Blood is drawn from a vein, usually from the inside of the elbow or the back of the hand. The site is cleaned with germ-killing medicine (antiseptic). The health care provider wraps an elastic band around the upper arm to apply pressure to the area and make the vein swell with blood.

Next, the health care provider gently inserts a needle into the vein. The blood collects into an airtight vial or tube attached to the needle. The elastic band is removed from your arm.

Once the blood has been collected, the needle is removed, and the puncture site is covered to stop any bleeding.

In infants or young children, a sharp tool called a lancet may be used to puncture the skin and make it bleed. The blood collects into a small glass tube called a pipette, or onto a slide or test strip. A bandage may be placed over the area if there is any bleeding.

How to Prepare for the Test    Return to top

No special preparation is usually necessary.

How the Test Will Feel    Return to top

When the needle is inserted to draw blood, some people feel moderate pain, while others feel only a prick or stinging sensation. Afterward, there may be some throbbing.

Why the Test is Performed    Return to top

This test is most often used to diagnose rheumatoid arthritis. About 80% of patients with rheumatoid arthritis have positive RF tests.

It may also be used to rule out or diagnose other inflammation-related conditions.

Normal Results    Return to top

Normal values depend on what method the laboratory uses to detect and measure the RF. Some examples are below:

  • Less than 60 u/mL (with the nephelometric method)
  • Less than 1:80 titer (with the agglutination method)

What Abnormal Results Mean    Return to top

A positive test may be due to:

Additional conditions under which the test may be performed:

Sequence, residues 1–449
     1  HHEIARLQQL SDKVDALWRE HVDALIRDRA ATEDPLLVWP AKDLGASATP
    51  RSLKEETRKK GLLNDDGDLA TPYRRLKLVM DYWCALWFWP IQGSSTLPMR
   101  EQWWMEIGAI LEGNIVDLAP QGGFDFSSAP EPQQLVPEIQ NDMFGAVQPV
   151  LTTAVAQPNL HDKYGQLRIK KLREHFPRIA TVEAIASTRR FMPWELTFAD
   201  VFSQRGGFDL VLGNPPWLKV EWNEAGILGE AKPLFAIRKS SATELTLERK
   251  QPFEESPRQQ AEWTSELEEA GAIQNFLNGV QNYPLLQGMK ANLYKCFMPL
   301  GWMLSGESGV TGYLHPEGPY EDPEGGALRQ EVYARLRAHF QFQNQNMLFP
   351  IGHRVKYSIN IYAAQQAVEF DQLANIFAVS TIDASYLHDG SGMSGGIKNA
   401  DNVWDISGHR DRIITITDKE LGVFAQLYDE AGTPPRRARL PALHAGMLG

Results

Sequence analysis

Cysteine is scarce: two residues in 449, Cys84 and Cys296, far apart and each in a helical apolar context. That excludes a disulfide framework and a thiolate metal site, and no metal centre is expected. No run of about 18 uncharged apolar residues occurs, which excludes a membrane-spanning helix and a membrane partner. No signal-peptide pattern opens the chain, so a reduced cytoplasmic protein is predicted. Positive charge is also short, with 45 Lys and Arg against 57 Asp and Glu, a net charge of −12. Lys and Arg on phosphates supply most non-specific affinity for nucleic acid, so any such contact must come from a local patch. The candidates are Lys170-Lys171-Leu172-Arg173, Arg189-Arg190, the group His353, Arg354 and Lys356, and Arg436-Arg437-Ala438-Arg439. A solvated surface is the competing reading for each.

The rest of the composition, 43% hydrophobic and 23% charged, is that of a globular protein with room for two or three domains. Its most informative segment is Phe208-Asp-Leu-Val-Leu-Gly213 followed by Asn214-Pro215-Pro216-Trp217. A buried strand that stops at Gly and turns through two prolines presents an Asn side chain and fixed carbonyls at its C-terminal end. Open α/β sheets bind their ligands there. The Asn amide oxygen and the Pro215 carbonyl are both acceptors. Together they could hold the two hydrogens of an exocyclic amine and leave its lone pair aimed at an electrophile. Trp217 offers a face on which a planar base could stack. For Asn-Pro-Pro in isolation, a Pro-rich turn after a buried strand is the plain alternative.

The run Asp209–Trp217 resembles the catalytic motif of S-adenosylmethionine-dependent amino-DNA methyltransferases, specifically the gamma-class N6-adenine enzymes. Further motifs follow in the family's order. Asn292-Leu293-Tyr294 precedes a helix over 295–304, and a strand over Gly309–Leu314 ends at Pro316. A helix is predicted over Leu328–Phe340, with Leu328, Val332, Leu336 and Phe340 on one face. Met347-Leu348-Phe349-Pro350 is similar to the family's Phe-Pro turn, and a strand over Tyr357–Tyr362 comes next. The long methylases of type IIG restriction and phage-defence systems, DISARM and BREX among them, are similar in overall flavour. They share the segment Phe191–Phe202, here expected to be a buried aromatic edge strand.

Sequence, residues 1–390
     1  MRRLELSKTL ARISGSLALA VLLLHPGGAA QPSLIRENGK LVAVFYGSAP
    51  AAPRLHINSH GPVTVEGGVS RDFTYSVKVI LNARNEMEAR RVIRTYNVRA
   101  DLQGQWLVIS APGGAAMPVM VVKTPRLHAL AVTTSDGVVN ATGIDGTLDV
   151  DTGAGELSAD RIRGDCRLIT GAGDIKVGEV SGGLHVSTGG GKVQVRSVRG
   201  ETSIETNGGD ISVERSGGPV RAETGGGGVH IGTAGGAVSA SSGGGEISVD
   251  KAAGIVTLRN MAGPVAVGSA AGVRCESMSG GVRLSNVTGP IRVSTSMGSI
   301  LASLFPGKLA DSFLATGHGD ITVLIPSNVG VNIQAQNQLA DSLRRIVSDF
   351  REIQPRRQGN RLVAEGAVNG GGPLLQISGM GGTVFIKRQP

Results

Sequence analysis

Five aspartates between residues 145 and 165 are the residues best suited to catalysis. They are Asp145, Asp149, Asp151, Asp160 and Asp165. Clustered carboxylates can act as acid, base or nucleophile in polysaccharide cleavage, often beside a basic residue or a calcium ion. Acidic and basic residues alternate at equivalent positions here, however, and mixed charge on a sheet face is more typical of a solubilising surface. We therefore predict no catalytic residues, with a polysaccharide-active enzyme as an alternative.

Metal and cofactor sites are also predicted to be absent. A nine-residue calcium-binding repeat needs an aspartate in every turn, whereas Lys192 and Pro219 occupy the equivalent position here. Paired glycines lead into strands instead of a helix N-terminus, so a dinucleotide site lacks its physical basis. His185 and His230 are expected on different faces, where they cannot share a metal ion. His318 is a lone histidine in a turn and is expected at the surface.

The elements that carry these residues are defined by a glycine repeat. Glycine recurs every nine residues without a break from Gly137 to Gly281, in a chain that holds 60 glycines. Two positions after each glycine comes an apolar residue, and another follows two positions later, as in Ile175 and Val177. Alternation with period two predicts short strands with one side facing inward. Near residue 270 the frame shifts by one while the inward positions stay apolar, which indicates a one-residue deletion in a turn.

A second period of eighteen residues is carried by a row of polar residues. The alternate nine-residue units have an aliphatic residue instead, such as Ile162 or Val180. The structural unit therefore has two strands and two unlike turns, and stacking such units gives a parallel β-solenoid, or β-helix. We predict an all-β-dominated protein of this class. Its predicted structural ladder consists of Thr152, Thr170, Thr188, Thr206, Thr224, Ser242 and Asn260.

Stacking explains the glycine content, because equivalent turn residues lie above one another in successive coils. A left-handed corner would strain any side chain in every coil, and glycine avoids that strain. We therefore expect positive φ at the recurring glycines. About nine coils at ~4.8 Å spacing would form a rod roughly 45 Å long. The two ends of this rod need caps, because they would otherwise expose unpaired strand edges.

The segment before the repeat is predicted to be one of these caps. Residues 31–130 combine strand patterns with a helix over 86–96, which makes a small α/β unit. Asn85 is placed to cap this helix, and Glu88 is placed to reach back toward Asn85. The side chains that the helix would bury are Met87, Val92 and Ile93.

Risks    Return to top

Veins and arteries vary in size from one patient to another and from one side of the body to the other. Obtaining a blood sample from some people may be more difficult than from others.

Other risks:

  • Excessive bleeding
  • Fainting or feeling lightheaded
  • Hematoma (blood accumulating under the skin)
  • Infection (a slight risk any time the skin is broken)

Considerations    Return to top

The RF test can be positive in some healthy people.

Update Date: 5/27/2007

Updated by: Steve Lee, DO, Rheumatology Fellow, Loma Linda University Medical Center, Loma Linda, CA. Review provided by VeriMed Healthcare Network
Phat girl- are you saying the distinction with Jesse is the word titer?  Because she didn't write it as a ratio 1:60 she wrote it as 160.  A difference of the two methods described above?  (nephelometric vs. agglutination) Is using the word titer important?  Because also remember her lab did say it was positive so to me it still looks like 160 then, a high positive in the nephelometric method. Her post says her titer is 160.  That's what I based my post on.
PhatsDid you understand my questions though?  I'm confused.  Well, I thought so, but maybe not.  The positive RF is different from the titer.  Is that what you are asking?  I'm trying to find more info on the web.
Maybe this will help???

How Is Rheumatoid Factor Measured?

The amount of rheumatoid factor in blood can be measured by:

Agglutination tests

One method mixes the patient's blood with tiny latex beads covered with human antibodies (IgG). The latex beads clump or agglutinate if rheumatoid factor (IgM RF) is present. Another method mixes the patient's blood with sheep red blood cells that have been covered with rabbit antibodies. The red blood cells clump if rheumatoid factor is present.